A few questions about the details of these releases of white doves: do they ‘home’ back to their coop where they were living? Do doves (white or otherwise) naturally occur in Rome to an extent that they would have any chance of surviving after being released and living a normal dove’s life in the wild?
    At the risk of being labeled as some sort of animal rights extremist, my feeling is that if the doves can’t easily integrate themselves into the environment or can’t at least fly back quickly to their coops, then it’s cruel to release them just to make nice ‘statements’ or photo ops. Does anyone know what actually goes on behind the scenes, before and after, with these doves?

  19. Tom in NY says:

    In pagan Rome, what did the haruspex say to maximus pontifex? “What am I, chopped liver?”
    Salutationes omnibus.

  20. Absit invidia says:

    A similar thing happened in my home parish when I was young. A cage full of doves were released INSIDE the Church on Pentecost Sunday and the result was catastrophic. Doves were slamming face first into stain glass windows at the oohs and ahs of the packed church. One corner of the church a commotion would be heard where I looked to see an old lady swinging frantically at a dove near her head. At another corner large crowds of people ducked in unison as if performing a wave. I was seated near the aisle, and I vividly recall watching a dove line up as if trying to land on an aircraft carrier and instead of landing on its feet came in with some speed without anybody to tell it, “Maverick pull up!” and, with great amusement, watched it literally slide halfway down the marble surface aisle. And this occurred during mass. The remainder of mass continued with many a distracted worshipper.

  21. Suburbanbanshee says:

    Crows and ravens are tough birds; I’ve seen a flock of crows attack a young redtailed hawk and drive it off. And of course Father Z has pointed out before how they warn us in traditional iconography to remember tomorrow (“Cras! Cras!”). They aren’t a sign of evil; they’re a sign that there’s food around somewhere. And of course Elijah was fed by a raven; and many saints had clever ravens as pets or friends, including St. Benedict. Ravens represent wisdom.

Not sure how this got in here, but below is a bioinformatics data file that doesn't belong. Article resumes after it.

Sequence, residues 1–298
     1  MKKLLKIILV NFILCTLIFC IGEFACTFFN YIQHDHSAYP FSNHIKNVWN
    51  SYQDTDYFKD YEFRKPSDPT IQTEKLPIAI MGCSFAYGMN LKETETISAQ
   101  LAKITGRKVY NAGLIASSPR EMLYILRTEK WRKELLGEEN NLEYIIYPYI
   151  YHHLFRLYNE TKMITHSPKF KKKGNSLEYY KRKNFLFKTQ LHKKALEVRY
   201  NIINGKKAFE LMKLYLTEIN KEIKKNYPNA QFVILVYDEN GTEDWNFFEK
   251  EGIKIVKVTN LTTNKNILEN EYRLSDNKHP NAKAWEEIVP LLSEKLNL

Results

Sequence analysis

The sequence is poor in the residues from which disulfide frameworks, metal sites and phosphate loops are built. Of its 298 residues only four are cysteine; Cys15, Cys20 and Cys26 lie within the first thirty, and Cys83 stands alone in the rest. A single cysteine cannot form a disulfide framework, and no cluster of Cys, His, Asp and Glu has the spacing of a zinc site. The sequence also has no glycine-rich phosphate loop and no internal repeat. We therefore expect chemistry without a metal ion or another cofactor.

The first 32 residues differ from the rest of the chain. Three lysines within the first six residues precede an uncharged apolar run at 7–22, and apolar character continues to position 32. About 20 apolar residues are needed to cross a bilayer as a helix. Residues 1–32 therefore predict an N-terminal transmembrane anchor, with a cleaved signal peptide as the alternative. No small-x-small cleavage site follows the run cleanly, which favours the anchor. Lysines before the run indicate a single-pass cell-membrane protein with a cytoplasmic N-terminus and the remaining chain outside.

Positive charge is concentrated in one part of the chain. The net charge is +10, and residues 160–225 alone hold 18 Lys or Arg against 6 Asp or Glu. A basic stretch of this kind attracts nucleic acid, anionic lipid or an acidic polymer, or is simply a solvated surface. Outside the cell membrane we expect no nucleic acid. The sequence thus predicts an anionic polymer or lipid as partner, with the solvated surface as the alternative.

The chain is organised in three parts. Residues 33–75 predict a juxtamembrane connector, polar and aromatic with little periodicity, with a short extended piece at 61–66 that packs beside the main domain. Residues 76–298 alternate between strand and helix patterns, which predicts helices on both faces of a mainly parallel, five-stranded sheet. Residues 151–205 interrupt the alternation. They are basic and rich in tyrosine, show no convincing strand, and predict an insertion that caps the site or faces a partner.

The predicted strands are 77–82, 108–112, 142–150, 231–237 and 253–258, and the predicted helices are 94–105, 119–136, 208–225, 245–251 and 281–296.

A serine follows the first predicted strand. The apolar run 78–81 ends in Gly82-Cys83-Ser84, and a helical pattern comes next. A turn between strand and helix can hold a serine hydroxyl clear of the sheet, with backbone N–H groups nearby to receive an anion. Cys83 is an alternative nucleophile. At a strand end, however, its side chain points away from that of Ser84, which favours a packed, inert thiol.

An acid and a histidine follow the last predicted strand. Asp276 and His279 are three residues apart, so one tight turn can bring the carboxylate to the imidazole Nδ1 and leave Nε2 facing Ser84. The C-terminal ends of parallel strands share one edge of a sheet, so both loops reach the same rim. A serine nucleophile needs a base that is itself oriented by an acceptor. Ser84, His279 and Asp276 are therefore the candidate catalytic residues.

Seagulls in this country often nest in shopping center parking lots (on the lightposts) and have learned to get along far from the sea (often by eating food dropped by humans), so I imagine they also like tall Roman buildings.

    Doves do live naturally in Italy and Rome, both in the wild and as food animals raised in dovecotes. They probably try not to hang around near crows or seagulls, though.

  22. RJHighland says:

    Poor dove fells like a traditionalist in Rome, constantly being pecked at and bloodied by crows. The crows are like the smoke that Paul VI spoke of entering the Church.

  23. Suburbanbanshee says:

    Seagull in Latin is “larus” or “laros.” The word only appears in the Vulgate in the list of birds that aren’t kosher to eat, in Leviticus 11:16 and in Deuteronomy 14:15. In fact, according to the verse right before that, neither ravens nor gulls are kosher eatin’.

    There’s actually a verse of Zephaniah (Zeph. 3:1) where being a dove is a bad thing, but that’s because Hebrew “jonah” can mean either “dove” or “oppressing.”

    (And yes, St. Columba named his island of Iona after himself, or rather, after his patron saint.)

  24. Suburbanbanshee says:

    Oh, and St. Vincent of Saragossa (Zaragoza) just had his feastday, and one of his symbols is the raven! (And his mother’s name was Enola, just like the plane, so that’s a much older name than I thought.)

  25. Suburbanbanshee says:

    St. Vincent’s symbol is a raven because his corpse was thrown out to be devoured by the buzzards, but a raven sat there determinedly and drove all the vultures off. Anyway… EF feast day Jan 22, OF feast day Jan. 23.

  26. Vecchio di Londra says:

    A scenario that would have delighted Alfred Hitchcock. I scanned the crowds, looking for a glimpse of the great director, who liked to appear in his own scenes.

    Of course, it could be a black-and-white metaphor for the defeat of humility by clericalism… :-)

  27. VexillaRegis says:

    I wouldn’t read too much into that. Listen to Felix Mendelssohn- Bartholdy’s “Hear my Prayer – , For the Wings of a Dove” instead and have a lovely Sunday! http://www.youtube.com/watch?v=7HM94qVmq-4

    Good Night from Scandinavia! (But not “forever at rest”, I hope…)

  28. Hans says:

    As Tolkien was at pains to make clear at times in his writing, ravens generally have been considered auspicious (I’ll note for instance that ravens guarded the body and then the tomb of St. Vincent of Saragossa for centuries), whereas crows are signs of strife, woe, and even war. Very often people, or even reporters, don’t even know that there is a distinction between ravens and crows.